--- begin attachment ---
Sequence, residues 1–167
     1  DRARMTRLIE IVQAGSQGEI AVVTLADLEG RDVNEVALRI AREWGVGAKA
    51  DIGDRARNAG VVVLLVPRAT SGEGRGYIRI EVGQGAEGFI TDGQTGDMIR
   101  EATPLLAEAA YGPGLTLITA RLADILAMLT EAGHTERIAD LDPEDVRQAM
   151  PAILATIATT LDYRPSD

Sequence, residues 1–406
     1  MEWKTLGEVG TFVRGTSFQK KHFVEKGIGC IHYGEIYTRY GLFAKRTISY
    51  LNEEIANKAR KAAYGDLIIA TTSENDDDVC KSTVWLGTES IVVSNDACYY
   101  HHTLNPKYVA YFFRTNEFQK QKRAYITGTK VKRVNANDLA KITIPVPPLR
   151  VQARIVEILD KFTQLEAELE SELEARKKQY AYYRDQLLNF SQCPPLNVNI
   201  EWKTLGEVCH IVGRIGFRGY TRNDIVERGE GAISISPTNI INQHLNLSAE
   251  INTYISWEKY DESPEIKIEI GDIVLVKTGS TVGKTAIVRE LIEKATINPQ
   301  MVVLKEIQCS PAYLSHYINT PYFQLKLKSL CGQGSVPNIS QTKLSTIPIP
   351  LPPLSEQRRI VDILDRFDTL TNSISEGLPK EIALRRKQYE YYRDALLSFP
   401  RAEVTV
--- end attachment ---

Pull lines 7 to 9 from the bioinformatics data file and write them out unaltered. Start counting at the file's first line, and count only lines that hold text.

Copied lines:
     1  MEWKTLGEVG TFVRGTSFQK KHFVEKGIGC IHYGEIYTRY GLFAKRTISY
    51  LNEEIANKAR KAAYGDLIIA TTSENDDDVC KSTVWLGTES IVVSNDACYY
   101  HHTLNPKYVA YFFRTNEFQK QKRAYITGTK VKRVNANDLA KITIPVPPLR